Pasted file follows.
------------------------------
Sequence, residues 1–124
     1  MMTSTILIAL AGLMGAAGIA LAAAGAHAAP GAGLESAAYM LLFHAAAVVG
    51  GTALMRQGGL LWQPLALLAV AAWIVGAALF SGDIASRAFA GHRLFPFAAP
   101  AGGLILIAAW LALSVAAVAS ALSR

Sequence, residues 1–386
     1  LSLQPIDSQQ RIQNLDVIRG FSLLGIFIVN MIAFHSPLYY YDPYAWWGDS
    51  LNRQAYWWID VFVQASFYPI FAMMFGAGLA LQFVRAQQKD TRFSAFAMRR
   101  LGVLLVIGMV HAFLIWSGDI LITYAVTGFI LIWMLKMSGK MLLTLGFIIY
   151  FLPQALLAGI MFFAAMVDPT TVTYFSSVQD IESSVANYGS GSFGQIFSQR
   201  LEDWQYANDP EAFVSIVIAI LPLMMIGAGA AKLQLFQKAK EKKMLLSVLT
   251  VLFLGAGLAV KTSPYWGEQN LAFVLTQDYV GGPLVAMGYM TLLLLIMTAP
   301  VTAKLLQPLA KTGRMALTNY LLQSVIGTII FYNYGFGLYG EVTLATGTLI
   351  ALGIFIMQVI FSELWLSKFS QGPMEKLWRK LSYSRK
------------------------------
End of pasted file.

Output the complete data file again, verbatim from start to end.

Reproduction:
Sequence, residues 1–124
     1  MMTSTILIAL AGLMGAAGIA LAAAGAHAAP GAGLESAAYM LLFHAAAVVG
    51  GTALMRQGGL LWQPLALLAV AAWIVGAALF SGDIASRAFA GHRLFPFAAP
   101  AGGLILIAAW LALSVAAVAS ALSR

Sequence, residues 1–386
     1  LSLQPIDSQQ RIQNLDVIRG FSLLGIFIVN MIAFHSPLYY YDPYAWWGDS
    51  LNRQAYWWID VFVQASFYPI FAMMFGAGLA LQFVRAQQKD TRFSAFAMRR
   101  LGVLLVIGMV HAFLIWSGDI LITYAVTGFI LIWMLKMSGK MLLTLGFIIY
   151  FLPQALLAGI MFFAAMVDPT TVTYFSSVQD IESSVANYGS GSFGQIFSQR
   201  LEDWQYANDP EAFVSIVIAI LPLMMIGAGA AKLQLFQKAK EKKMLLSVLT
   251  VLFLGAGLAV KTSPYWGEQN LAFVLTQDYV GGPLVAMGYM TLLLLIMTAP
   301  VTAKLLQPLA KTGRMALTNY LLQSVIGTII FYNYGFGLYG EVTLATGTLI
   351  ALGIFIMQVI FSELWLSKFS QGPMEKLWRK LSYSRK